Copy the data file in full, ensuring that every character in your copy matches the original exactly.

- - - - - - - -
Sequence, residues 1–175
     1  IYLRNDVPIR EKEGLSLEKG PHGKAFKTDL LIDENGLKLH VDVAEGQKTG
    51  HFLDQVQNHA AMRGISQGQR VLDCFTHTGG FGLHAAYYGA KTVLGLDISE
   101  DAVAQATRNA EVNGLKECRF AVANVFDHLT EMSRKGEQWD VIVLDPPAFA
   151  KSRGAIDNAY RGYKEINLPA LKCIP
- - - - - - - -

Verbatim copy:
Sequence, residues 1–175
     1  IYLRNDVPIR EKEGLSLEKG PHGKAFKTDL LIDENGLKLH VDVAEGQKTG
    51  HFLDQVQNHA AMRGISQGQR VLDCFTHTGG FGLHAAYYGA KTVLGLDISE
   101  DAVAQATRNA EVNGLKECRF AVANVFDHLT EMSRKGEQWD VIVLDPPAFA
   151  KSRGAIDNAY RGYKEINLPA LKCIP